One problem for Ukraine is how to surprise. If it were to build up forces at specific locations, Russia could detect these preparations and fortify its defenses accordingly. Mick Ryan, a retired Australian major general, pointed out that this makes deception all the more important. Ukraine will have to conceal troop staging areas, artillery positions, headquarters and logistics centers. “It could also mean that we’re going to see a lot of smaller mini-offensives instead of a couple of big ones,” Mr. Ryan said, “just to confuse Russia’s targeting cycle and deceive them about the main Ukrainian effort.”

If Ukraine can surprise, the next question is whether it can break through Russia’s defenses and send more troops quickly through the gap. It will require a mobile air defense system to deter Russian aircraft; it’s unclear whether it will be sufficient. It would have to cross rivers and minefields—obstacles that had consumed entire Russian brigades in the east—and a formidable network of Russian trenches and fortifications (see map). “There is no military effort more difficult to plan, coordinate, and execute than the Combined Arms Breakthrough Barrier,” Mr. Ryan said.

In theory, precision artillery could quickly destroy prepared fortifications, says Ben Barry. IISS, a London-based think tank, pointed out that the UK used such systems to destroy bunkers in Afghanistan. But this required expert synchronization of artillery, infantry and armor so that the troops were neither advancing too soon, with the fortifications intact, nor too late, as the Russian rear echelons had reinforced the positions of the barrage.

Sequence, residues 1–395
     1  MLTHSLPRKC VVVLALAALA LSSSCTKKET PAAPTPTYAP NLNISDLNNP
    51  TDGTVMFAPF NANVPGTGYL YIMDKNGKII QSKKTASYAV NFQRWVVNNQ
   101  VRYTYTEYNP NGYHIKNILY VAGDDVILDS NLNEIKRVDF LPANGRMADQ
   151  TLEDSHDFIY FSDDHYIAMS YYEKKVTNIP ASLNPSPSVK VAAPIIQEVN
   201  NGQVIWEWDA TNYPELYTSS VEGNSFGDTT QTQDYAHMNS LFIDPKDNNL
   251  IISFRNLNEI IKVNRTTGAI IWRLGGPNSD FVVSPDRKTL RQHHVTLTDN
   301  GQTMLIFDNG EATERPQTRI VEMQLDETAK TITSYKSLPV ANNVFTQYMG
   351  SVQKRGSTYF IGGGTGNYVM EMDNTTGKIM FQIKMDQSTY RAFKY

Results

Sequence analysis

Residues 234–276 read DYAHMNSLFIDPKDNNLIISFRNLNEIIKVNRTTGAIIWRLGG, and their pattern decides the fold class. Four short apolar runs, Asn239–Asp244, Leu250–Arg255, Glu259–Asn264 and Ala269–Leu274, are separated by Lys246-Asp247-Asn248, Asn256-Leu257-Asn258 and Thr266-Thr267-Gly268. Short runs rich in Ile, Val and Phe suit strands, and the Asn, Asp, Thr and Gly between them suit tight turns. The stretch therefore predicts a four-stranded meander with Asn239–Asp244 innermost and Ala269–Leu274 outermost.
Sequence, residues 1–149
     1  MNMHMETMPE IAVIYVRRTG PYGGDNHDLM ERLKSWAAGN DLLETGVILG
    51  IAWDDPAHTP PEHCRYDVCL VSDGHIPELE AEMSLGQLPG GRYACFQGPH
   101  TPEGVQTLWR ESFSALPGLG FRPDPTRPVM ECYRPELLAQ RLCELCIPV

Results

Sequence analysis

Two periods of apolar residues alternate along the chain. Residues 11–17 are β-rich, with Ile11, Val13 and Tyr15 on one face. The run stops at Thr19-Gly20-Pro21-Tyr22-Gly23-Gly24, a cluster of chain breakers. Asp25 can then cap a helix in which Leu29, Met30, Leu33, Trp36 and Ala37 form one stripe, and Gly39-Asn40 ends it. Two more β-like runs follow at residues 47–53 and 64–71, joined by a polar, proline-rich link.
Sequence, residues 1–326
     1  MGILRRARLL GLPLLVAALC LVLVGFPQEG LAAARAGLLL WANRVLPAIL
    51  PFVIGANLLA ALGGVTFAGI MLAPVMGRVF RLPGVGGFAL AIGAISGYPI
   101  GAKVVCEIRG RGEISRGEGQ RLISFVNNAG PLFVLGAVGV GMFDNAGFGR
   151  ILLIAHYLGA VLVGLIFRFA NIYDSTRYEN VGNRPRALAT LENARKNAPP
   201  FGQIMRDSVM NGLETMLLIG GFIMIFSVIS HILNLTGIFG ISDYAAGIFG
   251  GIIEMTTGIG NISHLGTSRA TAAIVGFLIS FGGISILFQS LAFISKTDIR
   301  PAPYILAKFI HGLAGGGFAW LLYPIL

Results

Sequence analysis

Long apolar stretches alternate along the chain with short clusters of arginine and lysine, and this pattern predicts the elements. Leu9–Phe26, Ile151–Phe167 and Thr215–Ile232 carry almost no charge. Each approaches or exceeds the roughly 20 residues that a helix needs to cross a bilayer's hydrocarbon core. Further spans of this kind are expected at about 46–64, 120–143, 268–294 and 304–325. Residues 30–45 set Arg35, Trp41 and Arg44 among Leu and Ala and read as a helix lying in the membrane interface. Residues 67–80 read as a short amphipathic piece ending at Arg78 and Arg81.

Military analyst Franz-Stefan Gady said that so far, Ukrainian forces have mainly engaged in sequential operations — first artillery fire, then ground advances — rather than these more demanding coordinated operations. Part of the reason, he said, was the rigidity of Soviet-style commanders and the lack of extensive combined-arms training. Improving command and control in Ukraine has been a priority in recent weeks for Western officials helping to train and advise Ukrainian generals in Germany.

The timing of the attack was also uncertain. Weather is a factor. U.S. intelligence analysts estimate that the land in eastern Ukraine will remain muddy until early May. Kits are another. A third of the Western Supply Brigade will not be fully equipped and trained until the end of April. Mr Barry said Ukraine’s general staff could launch a staged attack, with some brigades thrown in after they arrived, but would likely choose to “save everything for the big bang”. This can maximize pressure on Russia’s defenses. Waiting too long may also allow Russia to dig deeper and replenish ammunition.